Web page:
Wednesday, May 6, 2015

Great Springtime

Great Springtime 
by Ko Un

Translated by Translations by Brother Anthony of TaizĂ©, David R. McCann and Kevin O’Rourke

Warm east winds blow,
the earth is melting.
It’s a sight to open
the eyes of the blind
Kids are clustering
close like chicks, underground insects
are wriggling restless too.
Just look! The fish rising
from deeper water
are using their backs
to break the ice!
How on earth
Can heaven keep silent?
The wild goose fathers
are leading their broods
away towards the Sungari River.
Now in this land
wonders are happening.
One great springtime is coming!

Born in Kunsan, North Chplla Province, Ko Un is without question the most prolific writer of twentieth-century Korea. He has published numerous collections of poems, gatherings of poems on various subjects, as well as fifteen—or more—volumes in the series Maninbo (Ten thousand lives), dedicated to making a record of every person he has ever met. His novels, notably including Hwapm kypng (The Garland Sutra; 1991), have been best sellers. He has been publishing a long narrative poem on the Korean War and has  published two books of poems about his journeys to North Korea. His translated collection of Zen poems, Mupnya (Whaaat?), was published with an appreciative forward by Allen Ginsberg. Ko Un has also published essays, newspaper columns, and articles at a rate quite impossible to keep up with.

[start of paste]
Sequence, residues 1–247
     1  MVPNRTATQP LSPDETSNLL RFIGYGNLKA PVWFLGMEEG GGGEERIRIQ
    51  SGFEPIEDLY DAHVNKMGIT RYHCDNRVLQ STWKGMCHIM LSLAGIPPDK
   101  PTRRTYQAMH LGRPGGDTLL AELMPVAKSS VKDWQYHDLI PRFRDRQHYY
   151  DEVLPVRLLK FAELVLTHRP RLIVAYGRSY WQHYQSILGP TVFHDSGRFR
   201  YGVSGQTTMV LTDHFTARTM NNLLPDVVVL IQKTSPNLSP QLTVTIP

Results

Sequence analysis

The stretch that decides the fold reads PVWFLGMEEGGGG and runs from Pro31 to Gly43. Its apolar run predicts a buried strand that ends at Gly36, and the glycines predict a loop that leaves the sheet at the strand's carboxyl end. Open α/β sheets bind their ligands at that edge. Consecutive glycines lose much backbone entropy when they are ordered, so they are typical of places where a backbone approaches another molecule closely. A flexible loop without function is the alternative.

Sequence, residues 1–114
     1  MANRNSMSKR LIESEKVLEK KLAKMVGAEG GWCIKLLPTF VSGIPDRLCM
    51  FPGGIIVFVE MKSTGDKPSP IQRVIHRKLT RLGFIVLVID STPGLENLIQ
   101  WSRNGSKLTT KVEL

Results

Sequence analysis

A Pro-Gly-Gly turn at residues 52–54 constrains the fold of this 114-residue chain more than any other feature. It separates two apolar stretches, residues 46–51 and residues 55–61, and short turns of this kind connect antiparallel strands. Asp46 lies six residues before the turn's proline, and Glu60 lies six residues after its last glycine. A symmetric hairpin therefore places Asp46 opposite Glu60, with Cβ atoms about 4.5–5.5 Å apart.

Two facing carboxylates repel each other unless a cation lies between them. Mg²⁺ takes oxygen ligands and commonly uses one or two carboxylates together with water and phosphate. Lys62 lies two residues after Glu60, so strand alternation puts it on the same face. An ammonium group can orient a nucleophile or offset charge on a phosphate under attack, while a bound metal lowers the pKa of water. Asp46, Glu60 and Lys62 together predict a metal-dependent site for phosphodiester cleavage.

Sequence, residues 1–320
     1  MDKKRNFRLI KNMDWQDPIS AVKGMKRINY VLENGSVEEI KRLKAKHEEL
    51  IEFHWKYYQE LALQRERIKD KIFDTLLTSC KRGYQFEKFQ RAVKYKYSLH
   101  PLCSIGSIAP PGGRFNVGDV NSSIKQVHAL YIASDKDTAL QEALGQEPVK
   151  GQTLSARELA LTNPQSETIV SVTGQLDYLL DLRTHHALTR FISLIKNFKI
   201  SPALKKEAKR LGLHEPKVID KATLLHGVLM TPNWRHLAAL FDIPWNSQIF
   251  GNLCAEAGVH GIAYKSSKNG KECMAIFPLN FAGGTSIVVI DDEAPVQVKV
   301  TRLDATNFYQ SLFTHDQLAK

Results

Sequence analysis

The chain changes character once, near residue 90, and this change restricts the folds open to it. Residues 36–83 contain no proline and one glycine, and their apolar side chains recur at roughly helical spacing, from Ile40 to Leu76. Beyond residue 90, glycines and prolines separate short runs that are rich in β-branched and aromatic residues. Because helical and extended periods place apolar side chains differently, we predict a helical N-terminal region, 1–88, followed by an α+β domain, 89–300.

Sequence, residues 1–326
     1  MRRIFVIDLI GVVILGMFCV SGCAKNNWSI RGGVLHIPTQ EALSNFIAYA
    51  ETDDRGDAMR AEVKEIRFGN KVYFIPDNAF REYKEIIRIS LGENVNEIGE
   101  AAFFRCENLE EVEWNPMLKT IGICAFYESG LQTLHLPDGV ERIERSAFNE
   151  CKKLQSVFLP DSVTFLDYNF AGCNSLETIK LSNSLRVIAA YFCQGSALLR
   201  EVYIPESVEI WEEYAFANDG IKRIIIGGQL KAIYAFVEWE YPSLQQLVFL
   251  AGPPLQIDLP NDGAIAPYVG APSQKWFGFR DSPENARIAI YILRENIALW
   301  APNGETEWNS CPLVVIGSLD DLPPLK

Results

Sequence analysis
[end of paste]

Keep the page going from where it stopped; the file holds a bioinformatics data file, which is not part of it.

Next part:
Formerly a Buddhist monk, then an activist leader of Korea’s democratization movement, and then imprisoned for his efforts, Ko Un has worked ceaselessly in bearing witness to the lives of individuals, to Korea’s political and cultural life, and in bringing the realm of literature to its necessary, direct engagement with all that life demands and imposes.

This is a beautiful, celebratory poem heralding the arrival of spring and the zillion seen and unseen flurry of activities taking place in nature. 

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